Apparently, the tail end of the alphabet is a bit on the lean side when it comes to book titles. At least for book titles I’ve read. If the last half dozen letters of the alphabet are super models, then we’re talking Kate Moss lean. Except for the letter W. That one’s more full-figured like Tyra Banks.

While the letter U coughed up just two titles, only one of which was worth recommending, the letter V pushes the anorexic envelope even further, with just one title to be had. And even though it’s a book a lot of you might not have read, it definitely deserves it’s place on the list.

The One and Only:
Vamped, David Sosnowski
“Here’s a tip: When you give the world one last chance to save your life, be specific about the how.”
And so begins this playful and funny 2004 novel about a one-hundred-year-old vampire bachelor bored with his existence – which includes synthetic blood, Mr. Plasma machines, and hunting preserves. The thrill and excitement of chasing humans has vanished because, well, most of the humans have vanished, too. Vampires outnumber humans in the middle of the twenty-first century and Marty, our protagonist, is considering suicide when he ends up adopting a six-year-old orphan girl and trying to raise a human daughter on his own.

Filed under: Movies and Books — Tags: , — S.G. Browne @ 3:32 pm

Fated – 2010 West Coast Book Tour

We’re at the one month mark before the official release of my second novel, Fated, though I did receive my first copy of the book in the mail the other day, which you can tell I’m just a little happy about. The picture doesn’t do the cover justice, which is a matte coating with an overlay that gives it a great texture. And the colors, especially the spine, really pop.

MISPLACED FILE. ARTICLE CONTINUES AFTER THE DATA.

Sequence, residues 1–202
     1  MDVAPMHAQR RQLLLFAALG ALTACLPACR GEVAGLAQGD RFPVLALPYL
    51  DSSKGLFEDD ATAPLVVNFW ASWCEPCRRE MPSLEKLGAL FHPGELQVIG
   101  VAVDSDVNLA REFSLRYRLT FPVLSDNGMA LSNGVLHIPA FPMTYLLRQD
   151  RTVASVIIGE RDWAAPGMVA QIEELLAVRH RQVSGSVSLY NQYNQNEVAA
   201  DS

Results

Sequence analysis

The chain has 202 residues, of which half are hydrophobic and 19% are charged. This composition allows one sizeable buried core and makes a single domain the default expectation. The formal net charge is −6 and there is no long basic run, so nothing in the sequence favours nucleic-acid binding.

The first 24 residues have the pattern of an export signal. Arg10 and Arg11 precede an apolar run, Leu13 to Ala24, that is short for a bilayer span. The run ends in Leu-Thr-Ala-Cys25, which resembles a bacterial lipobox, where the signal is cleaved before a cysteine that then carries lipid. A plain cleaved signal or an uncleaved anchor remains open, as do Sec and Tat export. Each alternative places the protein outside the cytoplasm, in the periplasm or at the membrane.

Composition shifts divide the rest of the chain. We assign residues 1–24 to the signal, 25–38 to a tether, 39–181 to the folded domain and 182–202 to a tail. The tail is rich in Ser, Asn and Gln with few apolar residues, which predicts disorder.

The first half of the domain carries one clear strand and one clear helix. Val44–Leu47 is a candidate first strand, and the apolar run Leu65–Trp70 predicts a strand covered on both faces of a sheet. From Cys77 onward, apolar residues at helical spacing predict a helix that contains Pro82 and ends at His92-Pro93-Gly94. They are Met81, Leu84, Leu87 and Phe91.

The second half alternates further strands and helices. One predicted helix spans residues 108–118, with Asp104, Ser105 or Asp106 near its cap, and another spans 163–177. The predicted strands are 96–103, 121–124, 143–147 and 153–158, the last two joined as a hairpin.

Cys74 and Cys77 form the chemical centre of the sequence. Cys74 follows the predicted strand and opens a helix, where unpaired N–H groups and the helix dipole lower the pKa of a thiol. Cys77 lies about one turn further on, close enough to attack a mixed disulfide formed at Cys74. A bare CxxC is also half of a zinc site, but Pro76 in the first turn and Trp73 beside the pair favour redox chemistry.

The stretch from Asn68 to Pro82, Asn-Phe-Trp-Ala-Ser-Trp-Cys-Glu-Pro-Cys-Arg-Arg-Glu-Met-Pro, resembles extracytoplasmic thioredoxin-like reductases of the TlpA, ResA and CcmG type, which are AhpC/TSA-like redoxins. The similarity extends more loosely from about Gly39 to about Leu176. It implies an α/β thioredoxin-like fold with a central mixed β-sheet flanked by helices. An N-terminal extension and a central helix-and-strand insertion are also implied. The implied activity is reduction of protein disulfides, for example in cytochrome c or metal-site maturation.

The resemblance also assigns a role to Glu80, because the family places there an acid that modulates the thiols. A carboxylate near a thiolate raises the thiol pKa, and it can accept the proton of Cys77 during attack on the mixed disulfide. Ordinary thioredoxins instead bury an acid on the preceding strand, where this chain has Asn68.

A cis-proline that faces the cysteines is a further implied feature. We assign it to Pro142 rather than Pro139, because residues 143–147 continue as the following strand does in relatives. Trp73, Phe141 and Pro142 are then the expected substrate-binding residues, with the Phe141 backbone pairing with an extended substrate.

Once I receive my author copies I’ll be having some contests for giveaways, so stay tuned.

In the meantime, if you live in Oregon, Washington, or California, below are the dates and general info for my 2010 West Coast Tour.

Things kick off on November 2nd with the official release at Powell’s Books in Beaverton, OR. I’ll be reading, talking, signing, and hopefully doing some audience participation giveaways. So if you’re in the neighborhood, come on out and play!

While up in the Pacific Northwest, I’ll also be doing signings in Seattle (11/3) and Lake Forest Park (11/4) before returning to California for the San Francisco Book Launch Party at Borderlands Books (11/6), followed by signings in Capitola (11/8), Fremont (11/10), San Francisco again (11/12), Pleasanton (11/13), Roseville (11/16), Campbell (11/20), Santa Barbara (12/3), Burbank (12/4), San Diego (12/11), and Pleasanton again (12/18). A full list of details can be found by checking out my Events Calendar.

I’m also planning trips in 2011 to states east of California, including Florida, Texas, and New York, among others, and will post updates on my web site and via this e-mail newsletter once I have more information.

As always, thanks for the support. I hope I get a chance to see and meet all of you at one of my upcoming signings.

Filed under: Fated,The Writing Life — Tags: — S.G. Browne @ 11:04 am